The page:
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National Popcorn Day

Description

Popcorn, which is celebrated today, is one of four types of corn—the others being dent, flint, and sweet—and it is the only one of the four that can pop. Its hull is thicker, which allows steam pressure to build up inside before it explodes. When it bursts open, starch comes out, and as it cools it turns into the shape we are familiar with. Popcorn kernels with between 13 and 14.5 percent moisture are ideal for popping, and 13.5 percent is the best. If 98 kernels out of 100 pop, it can be looked at as being good popcorn. Popcorn is a whole grain food, being made up of the germ, endosperm, and pericarp—which is the hull. It is low in fat and in calories; there are only about 31 calories in a cup of air-popped popcorn. It is also high in fiber, and is inexpensive.

Seventy percent of popcorn is eaten at home. Of that, about 90 percent is purchased as unpopped kernels. Of the thirty percent eaten outside of the home, much of it is eaten in theaters, sports stadiums, and schools. The main states that produce it are in the Midwest, and most of the popcorn eaten throughout the world is grown in the United States. Americans eat more popcorn than anyone else. About 13 billion quarts of popped popcorn are eaten annually, which is about 42 quarts per person. Another account even puts this figure higher. About two tablespoons of unpopped popcorn makes a quart of popped popcorn. It is most eaten during fall, and a lot is also eaten during the winter months, but not as much is eaten during spring and summer.

Popcorn has been used for thousands of years, and was first used by Native Americans in both South and North America. The oldest popcorn that has been found is between 4,000 and 5,600 years old, and was discovered in the Bat Cave in west-central New Mexico in 1948. The Aztecs were using popcorn when Cortes invaded Mexico in 1519, not only for food, but to decorate their headdresses and statues of gods. Kernels were also found in South American burial grounds in Chile. Some Native Americans believed that spirits lived inside popcorn kernels, grew angry when they were heated, and then escaped.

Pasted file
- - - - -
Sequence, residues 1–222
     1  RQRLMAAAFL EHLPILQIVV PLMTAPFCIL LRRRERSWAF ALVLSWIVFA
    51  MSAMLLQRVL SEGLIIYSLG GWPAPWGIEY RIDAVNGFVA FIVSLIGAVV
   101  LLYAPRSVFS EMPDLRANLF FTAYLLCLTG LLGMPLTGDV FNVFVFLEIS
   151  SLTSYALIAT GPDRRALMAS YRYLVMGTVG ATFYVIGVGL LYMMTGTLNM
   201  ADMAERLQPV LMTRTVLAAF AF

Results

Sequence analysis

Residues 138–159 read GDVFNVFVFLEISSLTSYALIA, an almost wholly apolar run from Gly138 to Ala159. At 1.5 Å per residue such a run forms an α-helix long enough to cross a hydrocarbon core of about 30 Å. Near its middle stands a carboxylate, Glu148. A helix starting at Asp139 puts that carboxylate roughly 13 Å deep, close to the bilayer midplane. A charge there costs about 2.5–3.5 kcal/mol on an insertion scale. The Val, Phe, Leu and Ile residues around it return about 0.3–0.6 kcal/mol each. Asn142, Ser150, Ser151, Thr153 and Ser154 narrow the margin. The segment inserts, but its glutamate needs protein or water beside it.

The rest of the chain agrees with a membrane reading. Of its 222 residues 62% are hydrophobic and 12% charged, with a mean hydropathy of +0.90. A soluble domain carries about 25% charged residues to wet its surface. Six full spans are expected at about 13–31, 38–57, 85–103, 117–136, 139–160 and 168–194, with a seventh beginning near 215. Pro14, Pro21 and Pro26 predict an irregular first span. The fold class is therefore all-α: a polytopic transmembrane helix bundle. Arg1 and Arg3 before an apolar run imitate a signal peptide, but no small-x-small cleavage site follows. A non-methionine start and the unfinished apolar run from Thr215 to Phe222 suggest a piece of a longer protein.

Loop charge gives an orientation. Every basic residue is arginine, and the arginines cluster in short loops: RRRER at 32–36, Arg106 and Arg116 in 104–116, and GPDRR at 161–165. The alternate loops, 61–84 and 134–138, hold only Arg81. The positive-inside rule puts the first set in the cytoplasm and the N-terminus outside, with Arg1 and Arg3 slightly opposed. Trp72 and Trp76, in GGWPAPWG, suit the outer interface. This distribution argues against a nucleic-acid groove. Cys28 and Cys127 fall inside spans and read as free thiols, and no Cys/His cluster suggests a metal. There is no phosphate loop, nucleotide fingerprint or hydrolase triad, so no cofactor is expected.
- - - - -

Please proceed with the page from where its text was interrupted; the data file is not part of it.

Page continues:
Early colonists called popcorn "parching corn," "rice corn," and "popped corn," and it wasn't known as popcorn until the 1820s. It became popular during the holidays, especially with children and during Christmas, where besides being a snack it was also hung on Christmas trees. An early popular way of making it at home was cooking it over an open fire in a wire box with a long handle. In the 1870s, molasses was added to popcorn and popcorn balls began being made. They became one of the most popular confections, they were given as gifts, and ended up in recipe books.

Cracker Jack began being sold in 1896, and consisted of popcorn, peanuts, and molasses. It actually had been sold without the name at the Columbian Exposition in Chicago in 1893. It soon became a staple at baseball games. The mobile popcorn machine was also first introduced at the Columbian Exposition, and became very popular with street vendors over the next half century, who sold popcorn at fairs, parks, and expositions. In the late nineteenth and early twentieth centuries popcorn also was eaten for breakfast, similar to how cereal is eaten today.

As popcorn was cheap, it could easily be afforded during the Great Depression, and sales actually increased during the time period. It also became popular at movie theaters during this time, and continued to increase in popularity during the years of World War II. As television became popular in the early 1950s, less people went to movies, and less popcorn was eaten as well. Percy Spencer discovered that popcorn could pop from microwaves, and by the early 1980s, many brands were producing microwave popcorn. One of the first brands to produce it was Golden Valley Foods in 1971. The invention of microwave popcorn greatly increased the consumption of popcorn at home.

National Popcorn Day is observed next on Sunday, January 19th, 2020. It has always been observed annually on January 19th.

How to Observe

Celebrate the day by eating popcorn! Make it with a hot air popper, with oil on the stove, over an open fire, or in the microwave. Have it at home or at a movie theater or sporting event. Make it into popcorn balls, or use it to make something else. Have some friends over and guess the amount of popcorn kernels inside of a container. Then count to see who was the closest, and pop the popcorn. You could eat it, but you could also get some sewing needles and string and string some popcorn as decoration.

Occurrence Patterns

ObservedFirst YearLast Year
annually on January 19th--

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